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Sex, age (and more) still matter: Data collection, analysis, and use in humanitarian practice
“This report could not be more relevant and valuable today. We are currently witnessing an increase in humanitarian crises which exacerbates gender inequality and disproportionately affects women and girls globally.” – Sima Bahous, Executive Director of UN Women, during the launch of the report on March 23, 2023. Watch the launch event here.
Data has the power to transform how we see the world. Through big data collection and analysis, we are increasingly able to monitor health, poverty, education, gender equality, and climate change on a scale never seen. We have seen rapid advancement in the last 10 years in big data collection and analysis around the world. However, the humanitarian sector has remained painfully slow in keeping up with this trend. This report comes as we raise the alert on global gender equality backsliding and on the need for intensified focus on reversing that trend, for which accurate data is essential.
UN Women’s analysis of progress in attaining the Sustainable Development Goals (SDGs), especially SDG 5 (gender equality), estimates that at current rates it will take close to 300 years to achieve full gender equality. When we have information on people’s gender; age; disability; and sexual orientation, gender identity and expression, and sex characteristics (SOGIESC) we can more effectively identify and reach the populations most in need.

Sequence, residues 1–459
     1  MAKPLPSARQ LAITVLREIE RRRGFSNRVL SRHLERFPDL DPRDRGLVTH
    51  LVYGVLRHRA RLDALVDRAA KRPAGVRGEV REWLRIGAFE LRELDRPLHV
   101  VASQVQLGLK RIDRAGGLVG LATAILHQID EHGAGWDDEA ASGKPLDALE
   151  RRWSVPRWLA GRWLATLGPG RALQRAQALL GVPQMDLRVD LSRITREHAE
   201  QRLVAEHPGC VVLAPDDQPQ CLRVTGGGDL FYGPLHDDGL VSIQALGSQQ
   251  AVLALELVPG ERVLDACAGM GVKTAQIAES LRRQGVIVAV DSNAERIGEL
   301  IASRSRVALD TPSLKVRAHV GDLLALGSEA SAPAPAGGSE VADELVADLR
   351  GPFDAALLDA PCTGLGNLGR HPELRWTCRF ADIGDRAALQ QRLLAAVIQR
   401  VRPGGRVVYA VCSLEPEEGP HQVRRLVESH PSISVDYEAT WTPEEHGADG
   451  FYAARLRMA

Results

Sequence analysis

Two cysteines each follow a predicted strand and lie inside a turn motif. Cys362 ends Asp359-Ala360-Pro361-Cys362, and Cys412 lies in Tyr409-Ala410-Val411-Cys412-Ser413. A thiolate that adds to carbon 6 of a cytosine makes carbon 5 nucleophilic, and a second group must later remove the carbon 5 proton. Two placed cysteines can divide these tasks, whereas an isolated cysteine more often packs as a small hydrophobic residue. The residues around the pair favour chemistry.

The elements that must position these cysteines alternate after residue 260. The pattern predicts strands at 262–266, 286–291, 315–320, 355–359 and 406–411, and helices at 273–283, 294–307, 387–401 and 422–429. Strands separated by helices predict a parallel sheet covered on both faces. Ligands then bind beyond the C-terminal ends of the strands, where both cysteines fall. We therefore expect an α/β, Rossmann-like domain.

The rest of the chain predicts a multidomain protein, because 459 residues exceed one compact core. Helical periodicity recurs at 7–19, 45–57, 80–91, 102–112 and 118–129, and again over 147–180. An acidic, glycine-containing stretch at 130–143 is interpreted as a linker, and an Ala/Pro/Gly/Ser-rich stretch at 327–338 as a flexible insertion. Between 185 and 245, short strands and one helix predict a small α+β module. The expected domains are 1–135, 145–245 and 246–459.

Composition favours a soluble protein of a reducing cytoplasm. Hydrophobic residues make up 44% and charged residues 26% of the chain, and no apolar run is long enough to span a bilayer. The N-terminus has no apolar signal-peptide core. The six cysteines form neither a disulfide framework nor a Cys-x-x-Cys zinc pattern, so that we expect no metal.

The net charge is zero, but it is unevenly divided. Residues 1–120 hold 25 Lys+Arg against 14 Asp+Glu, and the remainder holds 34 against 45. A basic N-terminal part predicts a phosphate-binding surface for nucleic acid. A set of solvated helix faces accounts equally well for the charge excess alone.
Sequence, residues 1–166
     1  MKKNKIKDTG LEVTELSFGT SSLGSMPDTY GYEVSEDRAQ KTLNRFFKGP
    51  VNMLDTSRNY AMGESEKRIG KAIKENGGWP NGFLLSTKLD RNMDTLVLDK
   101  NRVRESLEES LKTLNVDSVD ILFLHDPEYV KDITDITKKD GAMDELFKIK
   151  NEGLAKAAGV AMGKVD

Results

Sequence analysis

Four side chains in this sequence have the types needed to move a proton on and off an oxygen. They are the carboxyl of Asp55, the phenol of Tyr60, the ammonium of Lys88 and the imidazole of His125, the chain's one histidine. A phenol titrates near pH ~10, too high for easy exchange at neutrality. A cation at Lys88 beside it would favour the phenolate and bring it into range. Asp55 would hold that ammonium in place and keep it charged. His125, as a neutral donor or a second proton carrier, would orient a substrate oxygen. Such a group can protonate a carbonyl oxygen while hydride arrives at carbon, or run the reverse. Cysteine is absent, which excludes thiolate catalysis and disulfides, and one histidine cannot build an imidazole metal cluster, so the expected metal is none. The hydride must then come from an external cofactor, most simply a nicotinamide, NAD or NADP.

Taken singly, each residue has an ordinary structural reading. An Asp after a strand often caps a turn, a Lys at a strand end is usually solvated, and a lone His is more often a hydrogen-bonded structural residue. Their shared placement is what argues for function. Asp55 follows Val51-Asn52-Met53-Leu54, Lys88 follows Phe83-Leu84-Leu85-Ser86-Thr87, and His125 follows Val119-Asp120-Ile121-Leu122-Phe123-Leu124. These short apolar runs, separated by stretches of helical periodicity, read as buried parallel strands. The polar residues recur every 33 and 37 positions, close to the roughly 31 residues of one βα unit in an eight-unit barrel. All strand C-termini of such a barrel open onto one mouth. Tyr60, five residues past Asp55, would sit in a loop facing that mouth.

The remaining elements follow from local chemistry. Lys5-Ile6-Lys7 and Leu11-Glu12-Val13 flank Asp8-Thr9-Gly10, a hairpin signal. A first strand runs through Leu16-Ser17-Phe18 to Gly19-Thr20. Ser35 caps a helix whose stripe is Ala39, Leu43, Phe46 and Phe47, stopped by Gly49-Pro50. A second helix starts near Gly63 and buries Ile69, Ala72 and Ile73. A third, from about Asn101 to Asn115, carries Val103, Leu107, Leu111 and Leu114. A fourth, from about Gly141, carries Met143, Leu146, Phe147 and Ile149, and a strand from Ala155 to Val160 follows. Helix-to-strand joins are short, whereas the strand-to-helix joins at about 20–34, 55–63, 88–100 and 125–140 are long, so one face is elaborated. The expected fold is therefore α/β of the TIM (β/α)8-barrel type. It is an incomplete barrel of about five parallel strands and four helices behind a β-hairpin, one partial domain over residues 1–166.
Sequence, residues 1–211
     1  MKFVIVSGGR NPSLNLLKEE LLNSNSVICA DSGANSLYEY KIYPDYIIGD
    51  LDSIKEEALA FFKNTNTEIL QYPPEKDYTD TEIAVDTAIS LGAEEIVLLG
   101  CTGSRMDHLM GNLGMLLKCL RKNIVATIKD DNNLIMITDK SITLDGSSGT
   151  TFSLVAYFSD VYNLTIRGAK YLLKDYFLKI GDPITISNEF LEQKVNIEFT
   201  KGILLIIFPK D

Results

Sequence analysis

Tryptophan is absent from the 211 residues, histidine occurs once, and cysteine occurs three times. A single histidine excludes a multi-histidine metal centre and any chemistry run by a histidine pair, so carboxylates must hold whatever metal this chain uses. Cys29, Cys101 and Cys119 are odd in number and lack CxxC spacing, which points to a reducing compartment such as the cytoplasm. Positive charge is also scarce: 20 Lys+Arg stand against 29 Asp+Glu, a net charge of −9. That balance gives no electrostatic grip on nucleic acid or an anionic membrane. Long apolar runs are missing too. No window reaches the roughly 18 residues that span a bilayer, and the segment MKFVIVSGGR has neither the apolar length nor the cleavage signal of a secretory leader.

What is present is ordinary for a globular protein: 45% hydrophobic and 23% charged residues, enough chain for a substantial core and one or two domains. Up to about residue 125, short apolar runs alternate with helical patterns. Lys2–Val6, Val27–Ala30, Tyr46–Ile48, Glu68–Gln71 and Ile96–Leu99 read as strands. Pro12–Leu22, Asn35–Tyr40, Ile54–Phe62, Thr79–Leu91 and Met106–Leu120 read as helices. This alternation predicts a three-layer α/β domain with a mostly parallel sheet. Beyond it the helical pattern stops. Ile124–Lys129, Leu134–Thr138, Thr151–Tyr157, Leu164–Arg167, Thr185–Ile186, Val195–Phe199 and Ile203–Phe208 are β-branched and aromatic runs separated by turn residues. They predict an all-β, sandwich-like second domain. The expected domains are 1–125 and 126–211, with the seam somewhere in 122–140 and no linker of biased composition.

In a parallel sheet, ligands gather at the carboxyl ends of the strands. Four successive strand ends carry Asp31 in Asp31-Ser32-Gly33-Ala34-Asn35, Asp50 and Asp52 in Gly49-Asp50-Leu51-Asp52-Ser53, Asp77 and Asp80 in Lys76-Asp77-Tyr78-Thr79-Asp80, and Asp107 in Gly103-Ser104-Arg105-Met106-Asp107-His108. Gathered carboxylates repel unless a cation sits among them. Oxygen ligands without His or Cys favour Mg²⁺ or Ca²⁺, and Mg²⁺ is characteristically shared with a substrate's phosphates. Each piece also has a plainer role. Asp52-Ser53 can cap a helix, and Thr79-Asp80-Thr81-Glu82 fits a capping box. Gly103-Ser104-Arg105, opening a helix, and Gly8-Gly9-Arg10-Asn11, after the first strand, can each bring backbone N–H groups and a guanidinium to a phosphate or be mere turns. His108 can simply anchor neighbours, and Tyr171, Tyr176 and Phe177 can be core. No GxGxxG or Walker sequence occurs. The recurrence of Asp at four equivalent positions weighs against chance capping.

This report reviews the progress that has been made, outlines barriers to further progress, and makes recommendations for humanitarian donors and actors to advance gender equality. It stresses the need at all levels to confront the continued lack of accountability that perpetuates heightened risks of discrimination, inequality, and gender-based violence for women and girls in crisis contexts. The additional implications of the intersectionality of sex, age, disability and diverse SOGIESC must also be examined through adequate collection, analysis, and use of disaggregated data in order to be fully understood. Only then will the full inclusion of women, girls, men, and boys in all their diversity, and at all levels of humanitarian action, be possible.
Key findings of the report are:
- Impartiality requires disaggregated data.
- When it comes to collecting data on sexual orientation, gender identity, gender expression, and sex characteristics, the humanitarian community remains hesitant. It is rare to see any intersectional analysis of disaggregated data.
- Even in the best cases of collecting, analyzing, and using sex- and age-disaggregated data, there is very little documentation of how this information was used to inform and improve programming, or to ensure that actors are accountable to the communities they serve.
- Women remain marginalized in humanitarian decision making.
- Accountability should take center stage. Existing gender accountability frameworks, such as the Inter-Agency Standing Committee (IASC) 2017 Gender Equality and the Empowerment of Women and Girls in Humanitarian Action Policy, should be enforced.
- We need to better coordinate, share, and use existing data: Additional requirements on data disaggregation need to be complemented with appropriate funding support.
- More inclusive data collection, analysis, and humanitarian programming is needed to meet the humanitarian community’s commitment to the localization agenda.